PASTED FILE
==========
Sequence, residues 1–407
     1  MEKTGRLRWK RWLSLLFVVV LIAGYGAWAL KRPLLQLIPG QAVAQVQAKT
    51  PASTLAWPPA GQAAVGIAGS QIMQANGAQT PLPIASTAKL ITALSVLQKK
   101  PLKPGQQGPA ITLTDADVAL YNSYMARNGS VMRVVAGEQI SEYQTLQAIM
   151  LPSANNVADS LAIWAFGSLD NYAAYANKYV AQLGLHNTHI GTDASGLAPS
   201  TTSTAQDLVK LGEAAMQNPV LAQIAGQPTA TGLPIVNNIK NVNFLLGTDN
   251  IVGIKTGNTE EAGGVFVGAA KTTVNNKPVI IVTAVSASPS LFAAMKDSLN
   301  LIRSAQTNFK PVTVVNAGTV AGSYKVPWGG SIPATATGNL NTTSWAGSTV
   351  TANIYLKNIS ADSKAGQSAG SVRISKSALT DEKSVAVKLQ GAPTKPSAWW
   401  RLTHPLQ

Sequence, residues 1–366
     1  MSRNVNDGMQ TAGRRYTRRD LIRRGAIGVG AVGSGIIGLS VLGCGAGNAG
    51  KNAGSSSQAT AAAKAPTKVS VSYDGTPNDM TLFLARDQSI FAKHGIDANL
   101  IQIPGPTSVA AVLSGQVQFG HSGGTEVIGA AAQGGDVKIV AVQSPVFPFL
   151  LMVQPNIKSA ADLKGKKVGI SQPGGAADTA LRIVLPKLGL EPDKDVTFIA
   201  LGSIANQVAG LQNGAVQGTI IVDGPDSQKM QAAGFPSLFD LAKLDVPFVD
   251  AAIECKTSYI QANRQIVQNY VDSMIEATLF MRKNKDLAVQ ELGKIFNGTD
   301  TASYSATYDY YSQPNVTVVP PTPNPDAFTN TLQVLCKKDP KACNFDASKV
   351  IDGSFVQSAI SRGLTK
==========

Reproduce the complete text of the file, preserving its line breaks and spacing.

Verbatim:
Sequence, residues 1–407
     1  MEKTGRLRWK RWLSLLFVVV LIAGYGAWAL KRPLLQLIPG QAVAQVQAKT
    51  PASTLAWPPA GQAAVGIAGS QIMQANGAQT PLPIASTAKL ITALSVLQKK
   101  PLKPGQQGPA ITLTDADVAL YNSYMARNGS VMRVVAGEQI SEYQTLQAIM
   151  LPSANNVADS LAIWAFGSLD NYAAYANKYV AQLGLHNTHI GTDASGLAPS
   201  TTSTAQDLVK LGEAAMQNPV LAQIAGQPTA TGLPIVNNIK NVNFLLGTDN
   251  IVGIKTGNTE EAGGVFVGAA KTTVNNKPVI IVTAVSASPS LFAAMKDSLN
   301  LIRSAQTNFK PVTVVNAGTV AGSYKVPWGG SIPATATGNL NTTSWAGSTV
   351  TANIYLKNIS ADSKAGQSAG SVRISKSALT DEKSVAVKLQ GAPTKPSAWW
   401  RLTHPLQ

Sequence, residues 1–366
     1  MSRNVNDGMQ TAGRRYTRRD LIRRGAIGVG AVGSGIIGLS VLGCGAGNAG
    51  KNAGSSSQAT AAAKAPTKVS VSYDGTPNDM TLFLARDQSI FAKHGIDANL
   101  IQIPGPTSVA AVLSGQVQFG HSGGTEVIGA AAQGGDVKIV AVQSPVFPFL
   151  LMVQPNIKSA ADLKGKKVGI SQPGGAADTA LRIVLPKLGL EPDKDVTFIA
   201  LGSIANQVAG LQNGAVQGTI IVDGPDSQKM QAAGFPSLFD LAKLDVPFVD
   251  AAIECKTSYI QANRQIVQNY VDSMIEATLF MRKNKDLAVQ ELGKIFNGTD
   301  TASYSATYDY YSQPNVTVVP PTPNPDAFTN TLQVLCKKDP KACNFDASKV
   351  IDGSFVQSAI SRGLTK